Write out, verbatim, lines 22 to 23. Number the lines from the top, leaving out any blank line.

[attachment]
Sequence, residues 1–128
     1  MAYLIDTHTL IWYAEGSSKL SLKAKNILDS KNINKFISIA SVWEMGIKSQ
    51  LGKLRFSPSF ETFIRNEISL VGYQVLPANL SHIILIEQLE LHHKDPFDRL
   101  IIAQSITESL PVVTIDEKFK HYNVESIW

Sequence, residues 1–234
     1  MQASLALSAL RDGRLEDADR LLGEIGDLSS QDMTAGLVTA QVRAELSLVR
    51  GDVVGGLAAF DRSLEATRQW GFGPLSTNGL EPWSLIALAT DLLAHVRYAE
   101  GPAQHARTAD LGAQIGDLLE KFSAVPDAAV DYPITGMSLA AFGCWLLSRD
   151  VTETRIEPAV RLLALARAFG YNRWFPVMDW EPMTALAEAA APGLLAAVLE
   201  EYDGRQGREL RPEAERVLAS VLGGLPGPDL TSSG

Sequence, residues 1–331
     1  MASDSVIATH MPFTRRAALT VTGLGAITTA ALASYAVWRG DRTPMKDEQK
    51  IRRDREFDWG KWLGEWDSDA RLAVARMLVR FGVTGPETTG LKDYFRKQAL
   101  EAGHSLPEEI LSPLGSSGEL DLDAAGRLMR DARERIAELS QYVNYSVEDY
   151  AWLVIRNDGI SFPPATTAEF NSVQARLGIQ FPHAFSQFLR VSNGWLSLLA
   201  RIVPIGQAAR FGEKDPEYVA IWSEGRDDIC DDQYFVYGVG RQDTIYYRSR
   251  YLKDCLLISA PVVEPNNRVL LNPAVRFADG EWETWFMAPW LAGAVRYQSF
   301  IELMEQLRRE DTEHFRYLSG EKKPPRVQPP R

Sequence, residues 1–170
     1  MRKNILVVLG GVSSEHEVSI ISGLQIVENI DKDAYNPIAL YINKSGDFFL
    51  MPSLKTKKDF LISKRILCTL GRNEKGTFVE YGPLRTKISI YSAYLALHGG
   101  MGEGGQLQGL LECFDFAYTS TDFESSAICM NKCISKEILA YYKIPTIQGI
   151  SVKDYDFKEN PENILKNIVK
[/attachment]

   101  MGEGGQLQGL LECFDFAYTS TDFESSAICM NKCISKEILA YYKIPTIQGI
   151  SVKDYDFKEN PENILKNIVK